Electric Words

Electric Words : Dictionaries, Computers, and Meanings

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Electric Words delves first into the philosophical background of the study of meaning, specifically word meaning, then into the early work on treating dictionaries as texts, the first serious efforts at extracting information from machine-readable dictionaries (MRDs), and the conversion of MRDs into usable lexical knowledge bases.

The use of computers to understand words continues to be an area of burgeoning research. Electric Words is the first general survey of and introduction to the entire range of work in lexical linguistics and corpora-the study of such on-line resources as dictionaries and other texts-in the broader fields of natural-language processing and artificial intelligence. The authors integrate and synthesize the goals and methods of computational lexicons in relation to AI's sister disciplines of philosophy, linguistics, and psychology. One of the underlying messages of the book is that current research should be guided by both computational and theoretical tools and not only by statistical techniques-that matters have gone far beyond counting to encompass the difficult province of meaning itself and how it can be formally expressed.

Electric Words delves first into the philosophical background of the study of meaning, specifically word meaning, then into the early work on treating dictionaries as texts, the first serious efforts at extracting information from machine-readable dictionaries (MRDs), and the conversion of MRDs into usable lexical knowledge bases. The authors provide a comparative survey of worldwide work on extracting usable structures from dictionaries for computational-linguistic purposes and a discussion of how those structures differ from or interact with structures derived from standard texts (or corpora). Also covered are automatic techniques for analyzing MRDs, genus hierarchies and networks, numerical methods of language processing related to dictionaries, automatic processing of bilingual dictionaries, and consumer projects using MRDs.
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Product details

  • Hardback | 301 pages
  • 152 x 229 x 27mm | 612g
  • Bradford Books
  • Massachusetts, United States
  • English
  • New
  • 0262231824
  • 9780262231824

Back cover copy

The use of computers to understand words continues to be an area of burgeoning research. Electric Words is the first general survey of and introduction to the entire range of work in lexical linguistics and corpora - the study of such on-line resources as dictionaries and other texts - in the broader intelligence. The authors integrate and synthesize the goals and methods of computational lexicons in relation to AI's sister disciplines of philosophy, linguistics, and psychology. One of the underlying messages of the book is that current research should be guided by both computational and theoretical tools and not only by statistical techniques - that matters have gone far beyond counting to encompass the difficult province of meaning itself and how it can be formally expressed. Electric Words delves first into the philosophical background of the study of meaning, specifically word meaning, then into the early work on treating dictionaries as texts, the first serious efforts at extracting information from machine-readable dictionaries (MRDs), and the conversion of MRDs into usable lexical knowledge bases. The authors provide a comparative survey of worldwide work on extracting usable structures from dictionaries for computational-linguistic purposes and a discussion of how those structures differ from or interact with structures derived from standard texts (or corpora). Also covered are automatic techniques for analyzing MRDs, genus hierarchies and networks, numerical methods of language processing related to dictionaries, automatic processing of bilingual dictionaries, and consumer projects using MRDs.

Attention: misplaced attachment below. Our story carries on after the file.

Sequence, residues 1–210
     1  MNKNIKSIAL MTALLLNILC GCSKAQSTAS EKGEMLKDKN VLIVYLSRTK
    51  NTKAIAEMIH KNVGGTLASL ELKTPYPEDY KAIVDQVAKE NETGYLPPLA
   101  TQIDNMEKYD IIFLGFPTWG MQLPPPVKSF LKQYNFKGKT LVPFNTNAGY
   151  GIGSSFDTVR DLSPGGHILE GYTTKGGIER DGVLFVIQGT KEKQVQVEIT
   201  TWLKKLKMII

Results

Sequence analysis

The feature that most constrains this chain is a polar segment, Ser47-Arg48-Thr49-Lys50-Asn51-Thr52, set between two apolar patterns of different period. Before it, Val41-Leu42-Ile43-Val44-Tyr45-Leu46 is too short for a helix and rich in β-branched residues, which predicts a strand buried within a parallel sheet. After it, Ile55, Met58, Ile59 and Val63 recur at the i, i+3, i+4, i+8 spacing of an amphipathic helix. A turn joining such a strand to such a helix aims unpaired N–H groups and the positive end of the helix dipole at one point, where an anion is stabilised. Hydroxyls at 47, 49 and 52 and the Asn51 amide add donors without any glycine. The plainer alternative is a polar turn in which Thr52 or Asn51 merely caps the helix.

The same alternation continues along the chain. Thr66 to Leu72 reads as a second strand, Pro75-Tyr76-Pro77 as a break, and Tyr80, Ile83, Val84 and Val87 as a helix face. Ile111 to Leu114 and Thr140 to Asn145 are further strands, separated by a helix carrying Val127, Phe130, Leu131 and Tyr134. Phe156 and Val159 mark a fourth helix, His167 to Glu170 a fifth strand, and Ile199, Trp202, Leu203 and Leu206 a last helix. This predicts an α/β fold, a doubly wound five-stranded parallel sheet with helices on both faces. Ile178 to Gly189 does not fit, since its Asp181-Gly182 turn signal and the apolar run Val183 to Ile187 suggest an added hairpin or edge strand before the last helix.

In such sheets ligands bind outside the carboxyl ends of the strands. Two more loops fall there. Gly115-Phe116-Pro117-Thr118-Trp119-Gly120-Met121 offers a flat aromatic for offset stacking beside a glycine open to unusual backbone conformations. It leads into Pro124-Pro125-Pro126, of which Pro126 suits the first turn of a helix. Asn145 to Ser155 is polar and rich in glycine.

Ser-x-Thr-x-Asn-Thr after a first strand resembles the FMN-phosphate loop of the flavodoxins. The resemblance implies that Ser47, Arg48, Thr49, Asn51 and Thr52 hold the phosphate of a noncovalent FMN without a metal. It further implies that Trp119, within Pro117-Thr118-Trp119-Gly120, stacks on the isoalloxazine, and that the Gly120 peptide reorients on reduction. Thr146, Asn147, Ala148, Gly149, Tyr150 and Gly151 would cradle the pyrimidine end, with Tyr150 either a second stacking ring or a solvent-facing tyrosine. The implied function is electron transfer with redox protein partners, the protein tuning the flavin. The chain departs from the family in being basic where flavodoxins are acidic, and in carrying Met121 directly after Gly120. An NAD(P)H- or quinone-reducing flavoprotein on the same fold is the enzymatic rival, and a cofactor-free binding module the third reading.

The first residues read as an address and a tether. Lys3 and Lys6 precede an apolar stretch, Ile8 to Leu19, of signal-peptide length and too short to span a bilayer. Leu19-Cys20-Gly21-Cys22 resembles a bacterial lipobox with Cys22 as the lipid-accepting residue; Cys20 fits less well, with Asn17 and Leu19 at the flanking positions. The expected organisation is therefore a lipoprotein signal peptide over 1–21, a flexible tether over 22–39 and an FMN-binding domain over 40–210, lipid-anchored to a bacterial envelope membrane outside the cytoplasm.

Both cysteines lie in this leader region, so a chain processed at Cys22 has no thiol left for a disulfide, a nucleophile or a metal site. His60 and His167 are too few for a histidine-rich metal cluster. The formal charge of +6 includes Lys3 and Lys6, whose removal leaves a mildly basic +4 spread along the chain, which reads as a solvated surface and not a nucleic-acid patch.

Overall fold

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Table of contents

A short history of meaning; symbolic accounts of definitional meaning; primitives in meaning definition; wordbooks as human artifacts - dictionaries and thesauri; early computational approaches - tasks and tools; text analysis and its relationship to dictionaries - dictionaries as texts; the construction of modern lexicons; automatic techniques for analyzing machine-readable dictionaries; genus hierarchies and networks; numerical methods for language processing; automatic processing of bilingual dictionaries; consumer projects using machine-readable dictionaries; the present.
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About Yorick A. Wilks

Yorick Wilks is Professor of Computer Science and Director of the Institute of Language, Speech, and Hearing at the University of Sheffield, UK. Brian Slator is Professor of Computer Science and Operations Research and Director of The NDSU Computer Systems Institute at North Dakota State University. Louise Guthrie is Professor in the Department of Mathematical Sciences at the University of Texas at El Paso.
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